The Empowered Man

The Empowered Man
February 6, 2015 Neil Kennedy

The Empowered Man

It was a complete surprise when I received the phone call, the high school wrestling coach was on the phone, “Neil, I need you to represent our team at a tournament.” It was the one benefit of being small and weighing 108 pounds when I was a freshman. He was so desperate for me to be on the team that he and his wife picked me up for the drive to the tournament as he had sent the school bus ahead.

My wrestling coach was a man’s man. He was strong, but kind. He was smart but silent. I noticed how respectful and compassionate he was when speaking to his wife. As we define a FivestarMan, my coach was gallant — showing special attention and respect toward women.

I also realized that there was something else deep within him. As kind as he was there was a frustration that boiled underneath the surface. He never allowed its exposure, but it was there, a simmering heat that seemed to empower him. I was intrigued by him.

One day, a couple of my teammates and I arrived at the gymnasium early to discover our coach running sprints and bleachers. His workout program was so far beyond ours that we dropped our jaws in respect.

Finally, after months of admiration and mutual respect, he shared with me the source of his frustration.

Although he survived the gruesome Viet Nam war, he had contracted malaria. He shared with me that his workout was to build himself up so that when the reoccurrence of the symptoms attacked him, his body would be conditioned for the fight.

This was one of the most humbling, and frightening times of my young life. I suddenly realized that this warrior was fighting for his life. His workouts weren’t motivated to count his abs, but to prepare himself for a battle. His ultimate ambition was to live — to be there for his wife and children.

My coach was an empowered man.

He fought the evils of war. He fought the evils of rejection when he returned from that war. Then he had to condition himself for the reoccurring attack of his nemesis, malaria.

Friends, carefully build yourselves up in this most holy faith by praying in the Holy Spirit, staying right at the center of God’s love, keeping your arms open and outstretched, ready for the mercy of our Master, Jesus Christ. This is the unending life, the real life! – Jude 1:20 (Msg)

Jude writes a letter to remind and strengthen Believers to build themselves up during a difficult season and the reoccurrence of persecution. Although his letter is brief, the words are stout — direct and substantive. Matter of factly, he says, “I wanted to write about the salvation that we share, but… some ungodly people have wormed their way into your churches.”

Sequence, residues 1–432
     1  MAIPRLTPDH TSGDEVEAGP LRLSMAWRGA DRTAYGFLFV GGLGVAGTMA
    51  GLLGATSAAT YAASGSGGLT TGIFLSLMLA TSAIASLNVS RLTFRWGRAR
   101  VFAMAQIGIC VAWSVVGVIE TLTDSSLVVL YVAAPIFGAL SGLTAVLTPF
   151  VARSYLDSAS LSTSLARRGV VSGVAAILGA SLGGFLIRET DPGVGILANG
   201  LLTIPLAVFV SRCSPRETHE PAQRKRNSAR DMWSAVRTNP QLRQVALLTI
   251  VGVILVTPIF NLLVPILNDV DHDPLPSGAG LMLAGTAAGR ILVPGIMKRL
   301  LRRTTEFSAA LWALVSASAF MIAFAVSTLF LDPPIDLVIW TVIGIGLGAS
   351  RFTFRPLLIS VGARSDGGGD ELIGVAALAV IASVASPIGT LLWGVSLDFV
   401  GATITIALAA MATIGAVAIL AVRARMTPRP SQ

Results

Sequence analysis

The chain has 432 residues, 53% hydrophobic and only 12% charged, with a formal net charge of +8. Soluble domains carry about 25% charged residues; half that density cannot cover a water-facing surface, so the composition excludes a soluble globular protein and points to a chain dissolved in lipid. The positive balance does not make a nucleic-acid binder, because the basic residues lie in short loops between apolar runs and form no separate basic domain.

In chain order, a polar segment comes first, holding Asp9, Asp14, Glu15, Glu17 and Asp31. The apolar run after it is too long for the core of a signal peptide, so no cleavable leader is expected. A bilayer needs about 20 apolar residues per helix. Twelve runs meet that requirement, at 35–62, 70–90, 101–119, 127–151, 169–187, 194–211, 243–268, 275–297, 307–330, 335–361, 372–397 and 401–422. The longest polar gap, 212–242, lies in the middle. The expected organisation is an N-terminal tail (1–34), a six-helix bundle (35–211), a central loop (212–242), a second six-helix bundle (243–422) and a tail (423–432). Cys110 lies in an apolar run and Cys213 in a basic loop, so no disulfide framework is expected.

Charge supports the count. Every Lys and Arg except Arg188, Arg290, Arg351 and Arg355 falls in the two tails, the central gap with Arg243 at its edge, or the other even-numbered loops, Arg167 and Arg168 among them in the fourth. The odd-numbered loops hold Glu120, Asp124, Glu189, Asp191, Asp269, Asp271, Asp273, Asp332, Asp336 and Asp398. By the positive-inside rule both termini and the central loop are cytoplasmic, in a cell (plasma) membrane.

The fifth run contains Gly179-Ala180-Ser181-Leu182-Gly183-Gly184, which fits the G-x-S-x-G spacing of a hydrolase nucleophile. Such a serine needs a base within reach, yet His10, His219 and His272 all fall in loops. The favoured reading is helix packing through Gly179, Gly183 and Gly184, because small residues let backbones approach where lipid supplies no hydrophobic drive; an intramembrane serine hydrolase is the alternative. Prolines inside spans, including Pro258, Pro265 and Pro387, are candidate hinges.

His argument is against those who have stepped outside of the limitations of authority, usurpers, complainers, grumblers, mockers, and scoffers. His list is detailed and ends with a dire warning; they are “doomed forever to blackest darkness.”

Amazingly, this letter is as relevant today as it was the day it was written. We’re living in a time when the usurpation of authority has become common practice — modus operandi.

So, it is also interesting that Jude’s recommendation is to “build yourselves up in this most holy faith by praying in the Holy Spirit.”

What does that mean?

Praying in the Holy Spirit is a phrase that the Apostle Paul writes about in his letter to the Corinthians.

“For if I pray in tongues, my spirit is praying, but I don’t understand what I am saying. Well then, what shall I do? I will pray in the spirit, and I will also pray in words I understand.” (1 Corinthians 14:14)

Paul used this phrase again in his letter to the Ephesians, “Pray in the Spirit at all times and on every occasion.” (Ephesians 6:18)

We’re living in troubling times. How are we going to lead our families to faith, conviction, and courage through these times?

Someone asks, “Do you pray in the Spirit?”

Absolutely! Almost constantly. Yes! I can’t imagine trying to navigate life without the empowerment of the Holy Spirit.

There is a shyness and timidity regarding the teaching of the Baptism in the Holy Spirit. I know it’s not politically correct in current Church culture. Some are wanting to relegate the experience into private rooms. Some are twisting and massaging the language to avoid the Biblical use of the term “speaking in tongues.”

Frankly, I won’t waste my time arguing with someone who doesn’t believe in this doctrine any more than I will try to convince an atheist the existence of God. The fool says in his heart there is no God, and I don’t try to answer the fool.

My point in this article is to encourage men very clearly to “build yourselves up in this most holy faith by praying in the Spirit.”

We’re living in serious times, and we need serious men leading our families by being empowered the most Biblical way. “You will receive power when the Holy Spirit comes upon you.” (Acts 1:8)

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Action Step:

Ask God to empower you.

Neil Kennedy

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